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S4 Fig. Sequence-position mapping for the DHFR protein family.

A-F show the positions comprising the six ICs of the SCA coevolution matrix, respectively, as colored spheres on the structure of E. coli DHFR (PDB 1RX2), and G-L show stacked histograms of the corresponding sequence space colored colored by phylogenetic annotation. The data show that ICs 1, 5, and 6 roughly separate eukaryotic and prokaryotic sequences and that the remainder are more homogeneous with regard to phylogenetic divergence. The significance of these apparent heterogeneities will require further investigation, but prior work demonstrates functional and mechanistic differences between the eukaryotic and prokaryotic members of this protein family [65].

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S5 Fig. Independent components of the G protein family.

The independent components (ICs) corresponding to the four top eigenmodes of the matrix. The solid red line is a fit to the t-distribution, with the cutoff indicated representing the top 95% of the cumulative density function. The ICs are generally well-fit by this empirical distribution, and serves as a basis for systematic definition of coevolving positions.

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S6 Fig. The robustness of the independent components (ICs) of the matrix to alignment sub-sampling.

Scatterplots of the top four independent components (ICs) for the full alignment of G proteins (Meff = 3366) against those for four trials of sub-sampling the alignment to ≈15% of sequences. The analysis shows that the composition of ICs (and therefore sector definitions and sequence projections) are highly robust to the number of effective sequences in the alignment.

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S7 Fig. Sectors in the S1A protein family.

A shows the IC-based sub-matrix of the matrix for the S1A family and B-G shows the positions corresponding to each IC on a representative structure of a member of the protein family (rat trypsin, PDB 3TGI). Each IC shows a hierarchical pattern of correlation between constituent positions, with little compelling evidence for strong inter-IC correlations. Consistent with this, each IC corresponds to a distinct and largely contiguous network of amino acid contacts in the protein structure (B). ICs 1–3 correspond to sectors defined in Halabi et al. [10].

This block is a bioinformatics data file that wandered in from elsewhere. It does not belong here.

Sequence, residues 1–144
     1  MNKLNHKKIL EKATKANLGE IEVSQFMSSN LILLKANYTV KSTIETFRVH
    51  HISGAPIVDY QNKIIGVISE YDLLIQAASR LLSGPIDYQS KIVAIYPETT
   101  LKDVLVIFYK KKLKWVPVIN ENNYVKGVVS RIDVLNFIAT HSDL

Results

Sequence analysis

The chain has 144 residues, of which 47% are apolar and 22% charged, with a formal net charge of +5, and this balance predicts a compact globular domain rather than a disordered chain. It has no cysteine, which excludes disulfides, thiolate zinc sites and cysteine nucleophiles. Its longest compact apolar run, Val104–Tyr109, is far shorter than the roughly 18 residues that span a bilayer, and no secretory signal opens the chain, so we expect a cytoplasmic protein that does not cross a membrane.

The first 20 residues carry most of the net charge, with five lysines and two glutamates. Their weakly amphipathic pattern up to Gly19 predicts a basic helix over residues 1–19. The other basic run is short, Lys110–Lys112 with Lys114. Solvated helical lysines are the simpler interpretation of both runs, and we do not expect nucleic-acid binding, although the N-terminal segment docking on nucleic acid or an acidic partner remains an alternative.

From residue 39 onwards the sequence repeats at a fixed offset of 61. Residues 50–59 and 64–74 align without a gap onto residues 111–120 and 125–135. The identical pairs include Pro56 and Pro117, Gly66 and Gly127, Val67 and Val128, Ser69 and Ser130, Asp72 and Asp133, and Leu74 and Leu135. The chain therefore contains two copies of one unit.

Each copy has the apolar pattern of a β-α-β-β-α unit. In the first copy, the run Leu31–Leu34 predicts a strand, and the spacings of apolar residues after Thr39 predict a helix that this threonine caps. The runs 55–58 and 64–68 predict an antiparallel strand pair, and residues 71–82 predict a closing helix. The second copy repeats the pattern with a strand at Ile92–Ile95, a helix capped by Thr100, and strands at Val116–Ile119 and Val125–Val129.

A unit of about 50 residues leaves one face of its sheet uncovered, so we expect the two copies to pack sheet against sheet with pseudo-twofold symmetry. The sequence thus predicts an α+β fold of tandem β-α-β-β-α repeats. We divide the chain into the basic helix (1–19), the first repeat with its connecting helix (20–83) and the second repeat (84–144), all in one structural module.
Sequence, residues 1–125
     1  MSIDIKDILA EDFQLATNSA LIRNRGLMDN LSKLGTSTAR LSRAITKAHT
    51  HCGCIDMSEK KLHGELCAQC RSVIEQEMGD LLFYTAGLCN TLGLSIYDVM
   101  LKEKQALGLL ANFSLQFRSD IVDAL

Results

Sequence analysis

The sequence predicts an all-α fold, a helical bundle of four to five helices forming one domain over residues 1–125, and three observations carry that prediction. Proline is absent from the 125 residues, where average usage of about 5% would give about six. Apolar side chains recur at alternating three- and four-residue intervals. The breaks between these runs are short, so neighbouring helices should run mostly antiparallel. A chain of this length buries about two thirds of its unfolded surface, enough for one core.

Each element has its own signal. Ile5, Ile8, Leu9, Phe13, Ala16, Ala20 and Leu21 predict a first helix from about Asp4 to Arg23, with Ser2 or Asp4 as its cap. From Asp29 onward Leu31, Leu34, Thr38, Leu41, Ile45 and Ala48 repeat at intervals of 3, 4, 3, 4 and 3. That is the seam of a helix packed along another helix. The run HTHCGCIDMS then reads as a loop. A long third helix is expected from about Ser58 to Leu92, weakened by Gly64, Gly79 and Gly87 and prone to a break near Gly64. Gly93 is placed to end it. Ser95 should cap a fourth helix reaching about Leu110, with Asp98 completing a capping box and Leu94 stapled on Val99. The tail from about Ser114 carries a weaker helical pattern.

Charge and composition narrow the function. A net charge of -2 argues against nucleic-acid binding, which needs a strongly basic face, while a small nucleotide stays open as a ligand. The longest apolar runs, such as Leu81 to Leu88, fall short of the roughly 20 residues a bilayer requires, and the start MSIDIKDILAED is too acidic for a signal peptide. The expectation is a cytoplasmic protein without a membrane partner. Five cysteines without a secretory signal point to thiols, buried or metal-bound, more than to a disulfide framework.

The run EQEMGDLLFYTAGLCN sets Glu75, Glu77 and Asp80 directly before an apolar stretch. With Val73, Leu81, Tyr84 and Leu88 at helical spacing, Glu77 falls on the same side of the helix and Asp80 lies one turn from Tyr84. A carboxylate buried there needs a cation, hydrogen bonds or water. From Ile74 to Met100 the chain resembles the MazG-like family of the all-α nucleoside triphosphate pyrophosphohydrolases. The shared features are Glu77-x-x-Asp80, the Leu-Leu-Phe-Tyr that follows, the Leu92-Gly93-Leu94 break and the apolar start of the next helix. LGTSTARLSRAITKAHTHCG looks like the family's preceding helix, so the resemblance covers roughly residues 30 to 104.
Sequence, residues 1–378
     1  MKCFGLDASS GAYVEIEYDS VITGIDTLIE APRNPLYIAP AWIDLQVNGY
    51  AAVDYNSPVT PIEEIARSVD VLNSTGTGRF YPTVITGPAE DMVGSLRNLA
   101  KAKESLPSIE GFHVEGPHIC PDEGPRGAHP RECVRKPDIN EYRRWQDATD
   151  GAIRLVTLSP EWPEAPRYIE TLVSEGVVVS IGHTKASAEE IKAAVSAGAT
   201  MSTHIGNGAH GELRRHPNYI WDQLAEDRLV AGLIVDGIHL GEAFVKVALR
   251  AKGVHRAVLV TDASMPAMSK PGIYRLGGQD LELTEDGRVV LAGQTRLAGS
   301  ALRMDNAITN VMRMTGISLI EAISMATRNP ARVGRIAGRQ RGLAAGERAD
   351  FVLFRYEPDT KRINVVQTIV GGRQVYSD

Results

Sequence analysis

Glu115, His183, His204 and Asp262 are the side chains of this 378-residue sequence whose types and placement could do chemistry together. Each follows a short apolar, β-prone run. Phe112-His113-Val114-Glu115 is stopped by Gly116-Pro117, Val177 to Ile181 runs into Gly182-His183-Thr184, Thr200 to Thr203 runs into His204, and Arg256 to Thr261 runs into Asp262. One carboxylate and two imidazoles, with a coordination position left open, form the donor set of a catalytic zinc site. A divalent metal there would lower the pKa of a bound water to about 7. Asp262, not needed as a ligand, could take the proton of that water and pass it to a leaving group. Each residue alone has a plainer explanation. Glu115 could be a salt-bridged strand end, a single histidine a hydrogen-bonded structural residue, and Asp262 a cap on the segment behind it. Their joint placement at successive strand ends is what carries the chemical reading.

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S8 Fig. Sector identification for the DHFR and β-lactamase protein families.

Panels A and C show the IC-based sub-matrix of the matrix for the DHFR and the β-lactamase protein families. The cartoons at right indicate the sector analyses. DHFR displays considerable transitive external correlations between ICs, suggesting a single sector. The β-lactamase family displays two sectors, one comprising IC2 and the other comprising ICs1, and 3–6. Panels B and D show the positions contributing to each IC mapped to the protein structure; in each case the sectors form physically contiguous structural units.

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Acknowledgments

We thank J. Bloom, A. Murray, and members of the Ranganathan Lab for critical review of the manuscript and I. Junier and S. Leibler for valuable discussions.

Author Contributions

Conceived and designed the experiments: OR KAR RR. Performed the experiments: OR KAR RR. Analyzed the data: OR KAR RR. Contributed reagents/materials/analysis tools: OR KAR RR. Wrote the paper: OR KAR RR.